Appropriate Precautions You Should Take Before Buying a Property

There is an old English proverb - precaution is better than cure which would be the most appropriate when it is about buying an immovable property. Although there are several laws in place that protect a purchaser of property, however, self-help is the best help and one must do due diligence before buying a property.

Although the below mentioned list of precautions to be taken are not exhaustive, some of the important aspects one must look at are listed below, though they may vary case to case.

TITLE : Clear title to a property is one of the most important factors to be considered before purchase. There are various means to investigate the title such as:

  1. By studying the documents of title to ensure that the owner has proper ownership to the property. The documents of title should be studied very carefully as any shortfall may lead to a defective title.
  2. Taking inspection of the original title deeds.
  3. Taking search of the land records and the records of the Sub-Registrar.
  4. Taking search of the records of the society where the property is in a society.
  5. Issuing public notice in newspapers calling for claims in respect of the property.

PLANS : Sanctioned plans and commencement certificate by the concerned authority should be inspected, especially for under-construction buildings. If the building is not built in accordance with the sanctioned plans, the completion certificate will not be granted. For buildings that are complete, occupation certificate/completion certificate should be verified.

POWER OF ATTORNEY : Many a times, the property is sold through a person holding the power of attorney (POA) on behalf of the owner. This POA should be closely scrutinized to ensure that it is property executed. As per the state government stamp act, heavy stamp duty is attracted on a POA in case the POA for sale of immovable porperty is executed to a person not closely related to the executant. Thus, in most cases, a POA is executed to a close relative as defined under the Act.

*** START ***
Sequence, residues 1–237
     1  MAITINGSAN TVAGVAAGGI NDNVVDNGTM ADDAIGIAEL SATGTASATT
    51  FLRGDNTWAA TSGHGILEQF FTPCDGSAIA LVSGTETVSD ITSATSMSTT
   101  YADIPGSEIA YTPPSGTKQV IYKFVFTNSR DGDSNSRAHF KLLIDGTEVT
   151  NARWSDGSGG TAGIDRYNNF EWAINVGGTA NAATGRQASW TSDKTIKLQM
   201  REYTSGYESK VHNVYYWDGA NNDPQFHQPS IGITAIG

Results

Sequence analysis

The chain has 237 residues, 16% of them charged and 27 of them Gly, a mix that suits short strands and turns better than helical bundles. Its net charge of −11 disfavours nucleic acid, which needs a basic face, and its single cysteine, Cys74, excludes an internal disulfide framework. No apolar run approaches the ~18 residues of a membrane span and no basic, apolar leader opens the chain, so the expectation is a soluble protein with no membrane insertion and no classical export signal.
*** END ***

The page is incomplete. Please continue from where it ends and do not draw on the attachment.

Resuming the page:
TENURE OF LAND : This aspect should also be considered. For example, if the land is leasehold and the residue tenure of lease is short and if there is no provision for renewal on old rent, additional ground rent may be payable by the purchaser on renewal of the lease. It is also possible that there may be no renewal clause at all.

NOC AND DUES : Although no-objection of a society is not required for sale as per the new model bylaws, it is preferable to obtain the no-objection certificate as well as a no dues letter from the society if the premises are in a society. In case, the building is not conveyed to the society by the builder, then a no-objection of the builder should be obtained. It should be verified that the seller has paid all his dues such as property tax, service-tax, VAT and other outgoings to the society or the builder, as the case may be.

INCOME TAX : One may investigate whether there are any proceedings against the seller under Section 281 of the income-tax Act, 1961. Further, if the seller is a non-resident Indian, TDS may be deducted from the consideration paid unless certificate for non-deduction or lower deduction is obtained from the concerned income-tax officer.

PERMITTED USER AND RESTRICTIONS : This aspect should be verified as well. For example, one should see whether the property is residential or commercial as per the Development Control Regulations. Other factors such as heritage rules, set back for road widening, may apply to certain buildings, which should also be considered.

DOCUMENTATION : Proper documentation should be put in place for purchase of the property. The sale document should be property stamped and registered and the original title deed should be taken bye the purchaser from the seller.

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